by Patrick Bromley
While You Were Sleeping (1995, dir. Jon Turteltaub) Bill Pullman is maybe the only thing I liked about the execrable Independence Day: Resurgence, but mostly his performance made me long for the days of the mid '90s when he was regularly cast as a leading man. He's an unconventional pick for a romantic comedy lead, more often cast as the "wrong" guy than the one who gets the girl, which is what makes his casting in the sweet and slight While You Were Sleeping unexpected and wonderful. I've said before that Sandra Bullock is a brown sweater of a person in this movie and I mean it as a total compliment; I'm not sure she's ever been more appealing. I dislike the whole "lying about the guy in a coma" premise of the film, but the characters are so winning and the performances so likable that I end up really liking it as a romantic comedy. Plus it's shot in Chicago during the winter.
The Overnight (2015, dir. Patrick Brice) If you've already finished watching the latest season of Orange is the New Black on Netflix (it's good!), check out Taylor Schilling in last year's indie sex comedy about two couples (Schilling and Adam Scott, Jason Schwartzman and Judith Godrèche) get together and try to prove something to each other and themselves about their sexuality. Brice's feature is uneven, but there are good performances and some truly funny moments, plus some interesting ideas about how kids change our routines and how it can be difficult for grown ups to make new friends once we reach a certain age.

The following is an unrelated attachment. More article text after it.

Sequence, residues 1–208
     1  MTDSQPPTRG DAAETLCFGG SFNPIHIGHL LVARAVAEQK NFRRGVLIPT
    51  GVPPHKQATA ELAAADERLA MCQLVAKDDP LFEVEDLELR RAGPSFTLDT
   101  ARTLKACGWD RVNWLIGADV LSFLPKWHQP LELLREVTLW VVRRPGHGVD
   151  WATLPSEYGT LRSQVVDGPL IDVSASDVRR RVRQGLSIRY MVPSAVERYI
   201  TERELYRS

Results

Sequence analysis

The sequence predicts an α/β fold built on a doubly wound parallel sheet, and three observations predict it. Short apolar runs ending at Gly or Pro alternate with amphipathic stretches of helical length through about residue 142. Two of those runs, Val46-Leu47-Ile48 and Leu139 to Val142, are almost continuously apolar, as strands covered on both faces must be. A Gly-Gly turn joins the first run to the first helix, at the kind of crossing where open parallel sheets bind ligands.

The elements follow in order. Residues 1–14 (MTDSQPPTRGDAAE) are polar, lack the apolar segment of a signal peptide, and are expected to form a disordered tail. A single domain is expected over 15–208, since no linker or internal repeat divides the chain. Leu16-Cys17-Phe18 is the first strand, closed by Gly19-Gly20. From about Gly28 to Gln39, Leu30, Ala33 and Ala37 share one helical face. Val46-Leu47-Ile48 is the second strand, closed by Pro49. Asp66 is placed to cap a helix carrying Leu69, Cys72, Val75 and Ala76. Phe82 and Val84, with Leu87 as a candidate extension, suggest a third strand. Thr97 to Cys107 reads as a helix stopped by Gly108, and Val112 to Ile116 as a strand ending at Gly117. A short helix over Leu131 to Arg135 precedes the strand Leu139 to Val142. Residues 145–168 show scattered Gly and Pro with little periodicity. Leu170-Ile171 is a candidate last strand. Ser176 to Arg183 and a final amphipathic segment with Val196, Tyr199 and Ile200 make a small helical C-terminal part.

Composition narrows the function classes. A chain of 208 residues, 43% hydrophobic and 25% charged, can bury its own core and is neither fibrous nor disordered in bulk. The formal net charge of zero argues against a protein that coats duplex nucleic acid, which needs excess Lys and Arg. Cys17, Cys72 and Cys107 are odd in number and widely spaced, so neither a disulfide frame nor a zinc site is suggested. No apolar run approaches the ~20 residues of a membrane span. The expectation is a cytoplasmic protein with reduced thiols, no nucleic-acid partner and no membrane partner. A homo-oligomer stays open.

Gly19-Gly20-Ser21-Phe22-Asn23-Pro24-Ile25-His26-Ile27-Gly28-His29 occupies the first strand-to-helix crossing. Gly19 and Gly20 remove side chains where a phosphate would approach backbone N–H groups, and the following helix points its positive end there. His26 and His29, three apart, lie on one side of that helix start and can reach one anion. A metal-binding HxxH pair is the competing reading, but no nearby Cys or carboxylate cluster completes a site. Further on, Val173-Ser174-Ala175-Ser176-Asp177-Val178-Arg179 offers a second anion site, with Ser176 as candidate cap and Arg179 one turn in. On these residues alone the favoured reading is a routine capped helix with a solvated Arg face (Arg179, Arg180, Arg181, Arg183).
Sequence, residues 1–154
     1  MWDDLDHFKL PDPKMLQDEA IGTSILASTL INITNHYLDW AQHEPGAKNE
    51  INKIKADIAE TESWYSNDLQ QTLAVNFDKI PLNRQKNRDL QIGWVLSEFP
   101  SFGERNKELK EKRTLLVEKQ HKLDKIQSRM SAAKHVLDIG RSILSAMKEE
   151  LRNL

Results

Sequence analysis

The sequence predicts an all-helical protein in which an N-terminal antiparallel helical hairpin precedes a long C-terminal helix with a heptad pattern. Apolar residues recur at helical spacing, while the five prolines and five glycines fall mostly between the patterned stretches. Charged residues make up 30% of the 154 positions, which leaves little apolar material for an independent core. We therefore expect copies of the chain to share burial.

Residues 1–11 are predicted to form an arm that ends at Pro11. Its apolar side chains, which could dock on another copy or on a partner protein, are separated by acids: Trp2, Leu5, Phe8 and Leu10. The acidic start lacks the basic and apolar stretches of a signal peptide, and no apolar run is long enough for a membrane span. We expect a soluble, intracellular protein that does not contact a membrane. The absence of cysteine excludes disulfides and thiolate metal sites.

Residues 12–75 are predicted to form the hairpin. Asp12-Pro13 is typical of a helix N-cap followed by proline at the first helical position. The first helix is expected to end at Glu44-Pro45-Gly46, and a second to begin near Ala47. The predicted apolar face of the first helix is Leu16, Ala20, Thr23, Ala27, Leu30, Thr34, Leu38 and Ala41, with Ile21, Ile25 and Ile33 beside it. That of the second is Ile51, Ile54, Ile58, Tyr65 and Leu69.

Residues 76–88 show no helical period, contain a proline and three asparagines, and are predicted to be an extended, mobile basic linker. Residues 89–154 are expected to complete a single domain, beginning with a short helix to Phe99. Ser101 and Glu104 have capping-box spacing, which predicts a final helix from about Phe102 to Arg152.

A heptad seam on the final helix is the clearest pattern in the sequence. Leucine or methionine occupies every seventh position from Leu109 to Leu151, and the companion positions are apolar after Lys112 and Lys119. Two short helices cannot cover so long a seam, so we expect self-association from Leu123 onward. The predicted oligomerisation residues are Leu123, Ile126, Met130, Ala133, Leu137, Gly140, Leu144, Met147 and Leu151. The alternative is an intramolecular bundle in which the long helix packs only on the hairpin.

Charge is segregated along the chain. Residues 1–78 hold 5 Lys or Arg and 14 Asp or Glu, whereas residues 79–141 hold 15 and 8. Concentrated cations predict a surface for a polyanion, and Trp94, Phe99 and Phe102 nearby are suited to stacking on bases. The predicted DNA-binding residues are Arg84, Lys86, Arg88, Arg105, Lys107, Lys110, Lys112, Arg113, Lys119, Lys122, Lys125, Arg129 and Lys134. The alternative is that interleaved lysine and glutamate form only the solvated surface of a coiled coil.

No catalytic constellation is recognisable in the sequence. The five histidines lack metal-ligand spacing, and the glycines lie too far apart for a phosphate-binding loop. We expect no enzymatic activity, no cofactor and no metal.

Ned Rifle (2014, dir. Hal Hartley) The third and final film in Hal Hartley's Henry Fool trilogy (following Henry Fool and Fay Grim) finds the son of Henry and Fay Grim (Parker Posey) searching for his father with plans to kill him. Along the way he meets Susan (Aubrey Plaza), an obsessive fan of Henry Fool who accompanies him on his journey. Hal Hartley is not for all tastes, and his most recent work isn't as strong as his earlier stuff, but there's a lot to appreciate about Ned Rifle. I like that each film in his trilogy focuses on a different character in the story. And while Aubrey Plaza has gotten pretty overexposed in a very specific type of role (including the upcoming and seemingly terrible Mike and Dave Need Wedding Dates) this one puts her brand of deadpan darkness to good use.
The Duke of Burgundy (2014, dir. Peter Strickland) On the complete opposite end of the spectrum from something slight and commercial like While You Were Sleeping is Peter Strickland's romantic drama The Duke of Burgundy, a gorgeously photographed story of a dominant/submissive relationship between two women (Chiara D'Anna and Sidse Babett Knudsen). The movie is eccentric and beautiful and unusually adult in the way that it examines love and relationships. It's heavy stuff, but super rewarding. Plus, there's not a single man anywhere in the movie. Take that, boys!